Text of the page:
According to Richard Jones and Rafael Lins , John Wiley & Sons, It is remarkable that garbage collection -- which is at heart just the simple problem of calculating graph reach ability -- is still a thriving research area after nearly four decades of work. Mark-sweep collection (McCarthy, 1960) and reference counting (Collins, 1960) were first described in 1960, and the 1981 survey paper by (Cohen, 1981) cited 111 papers on garbage collection; Jones and Lins cite almost 500 references. What 's all the fuss about?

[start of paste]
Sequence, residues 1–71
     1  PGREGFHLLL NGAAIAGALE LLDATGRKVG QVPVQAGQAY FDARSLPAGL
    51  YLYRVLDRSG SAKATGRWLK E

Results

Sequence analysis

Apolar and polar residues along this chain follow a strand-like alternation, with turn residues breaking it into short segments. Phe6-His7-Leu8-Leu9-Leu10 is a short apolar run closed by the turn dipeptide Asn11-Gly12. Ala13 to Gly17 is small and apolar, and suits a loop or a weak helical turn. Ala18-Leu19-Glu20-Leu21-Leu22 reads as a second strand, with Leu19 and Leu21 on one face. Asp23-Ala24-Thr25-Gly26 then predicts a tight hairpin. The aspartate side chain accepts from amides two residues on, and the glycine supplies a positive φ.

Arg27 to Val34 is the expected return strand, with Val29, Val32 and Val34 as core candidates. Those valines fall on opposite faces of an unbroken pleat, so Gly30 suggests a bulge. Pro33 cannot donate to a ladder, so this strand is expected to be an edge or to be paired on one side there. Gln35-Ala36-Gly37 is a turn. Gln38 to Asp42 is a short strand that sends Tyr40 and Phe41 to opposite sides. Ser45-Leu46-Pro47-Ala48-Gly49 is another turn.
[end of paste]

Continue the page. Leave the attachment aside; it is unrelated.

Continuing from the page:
Perhaps the problem is that garbage collectors are subject to many conflicting demands. The collector imposes overhead on any other algorithm the programmer may implement, so it must be extremely time-efficient; it must use as little auxiliary space as possible; it must cause no internal or external fragmentation; it must not interrupt the program with long pauses for collection; it must find pointers even within the registers and stack frames rearranged by a highly optimizing compiler; it must not require special-purpose hardware tag bits or machine instructions; it must not be confused by cycles of pointers; it must be able to operate even while the program is simultaneously fetching and storing pointers; it must work on a distributed computation; it must not disturb the locality of reference of a cached or virtual-memory computation; and it must be simple to implement. If no single algorithm has all these properties, then no algorithm can strictly dominate all the others. Each new research paper claims superiority, but along a dimension subtly different from the previous paper. It is not hard to see why so much has been written, and why further research continues. The authors explain the fundamental algorithms and practically all the modern improvements, 3 discuss the controversies, and give the reader useful criteria for making judgments. Their book is useful as an introduction to the subject, and to each different style of garbage collection (as listed in the chapter summaries below), and also as a bibliographic reference pointing to the best papers of the recent and (``classical ' ') literature.